The 153 members of the WTO agree on two things — we’re in a hole and we must keep digging.
The hole is the Doha Development Round, a decade-old negotiation that was billed as the next stage of trade liberalization after the creation of the WTO. After repeated failures to clinch a deal, Doha is on life-support, but nobody is prepared to kill it off.
“There is a Russian proverb that says: ‘Don’t chop off the branch you are sitting on,’” WTO Director-General Pascal Lamy told trade ministers, defending the body at its biennial conference in Geneva last Saturday.
The ministers had collectively acknowledged that the Doha round was unlikely to be concluded in the near future, but promised to keep working toward it, despite a gulf in opinions — especially between the US and China — that makes it almost unthinkable that the WTO could reach a consensus.
Trade diplomats like to point out that the WTO is more than Doha alone, and that a failure to complete Doha does not mean the end of the WTO, since the body also monitors world trade and arbitrates disputes brought to it by member states, but with so much negotiating capital already tied up in Doha, every new proposal to modernize WTO rules is seen part of a wider wrangle over the trade round, paralyzing discussion.
If the WTO does not keep the world’s trade rulebook up to date, it risks losing its position as the global arbiter. Recent allegations of protectionism, such as currency manipulation and environmental taxes, are outside WTO rules, or at best a gray area.
Lamy has blamed the paralysis on a “crisis of multilateralism” — a failure of diplomacy that has also hobbled negotiations on the eurozone crisis and global climate talks.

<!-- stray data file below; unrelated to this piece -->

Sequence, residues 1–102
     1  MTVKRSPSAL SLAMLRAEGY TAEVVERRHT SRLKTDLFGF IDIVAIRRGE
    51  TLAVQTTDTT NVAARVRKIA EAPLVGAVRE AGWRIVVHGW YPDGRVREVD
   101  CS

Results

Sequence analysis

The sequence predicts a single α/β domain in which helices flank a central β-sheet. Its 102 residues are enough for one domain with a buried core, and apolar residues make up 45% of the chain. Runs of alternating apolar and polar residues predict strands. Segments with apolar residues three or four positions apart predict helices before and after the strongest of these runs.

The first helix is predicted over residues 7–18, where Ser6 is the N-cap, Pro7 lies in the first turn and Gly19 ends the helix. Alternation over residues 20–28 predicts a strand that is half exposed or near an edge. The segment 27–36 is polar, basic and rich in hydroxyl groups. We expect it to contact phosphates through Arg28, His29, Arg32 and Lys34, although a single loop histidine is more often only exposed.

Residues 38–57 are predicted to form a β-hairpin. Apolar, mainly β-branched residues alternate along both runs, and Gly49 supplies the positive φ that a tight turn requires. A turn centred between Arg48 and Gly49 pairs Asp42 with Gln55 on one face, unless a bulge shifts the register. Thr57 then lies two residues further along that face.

“The international system can’t be in good shape, because the members of the international system are in bad shape,” he said at a briefing two weeks before the Geneva conference. “They’ve got very little energy left for international compromise.”
Doha was originally meant to help developing economies, but that idea looks out of date now that India, Brazil and most of all China have grown into trading superpowers. For that reason, some officials say Doha, launched at the same time that China was accepted into the WTO, was doomed from the start.
Equally, that helps explain why China, India and Brazil are its most vocal champions, determined not to let any new ideas gain traction unless there is a payoff.
“There’s no question of redefining Doha,” Brazilian Foreign Minister Antonio Patriota said on the eve of the Geneva conference. “We agreed on its mandate 10 years ago.”
In short, Doha and arguments about Doha are using up all the WTO’s oxygen and, as a result, it has been largely unable to evolve for a decade.
That is not to say global trade governance is not changing at all — the WTO’s ministerial conference notched up two big successes, but both, in their own way, compound the problem.
One was the decision to grant Russia membership after 18 years of talks, so that at last all the big economies will be inside the club.
The other was a long-awaited reform of the Government Procurement Agreement (GPA), which will open US$100 billion of government contracts to foreign competition every year.
Russia has promised to play a positive role once it joins midway through next year and it may not even get into Doha negotiations, but having another big and opinionated player at the table will not make it any easier to reach consensus.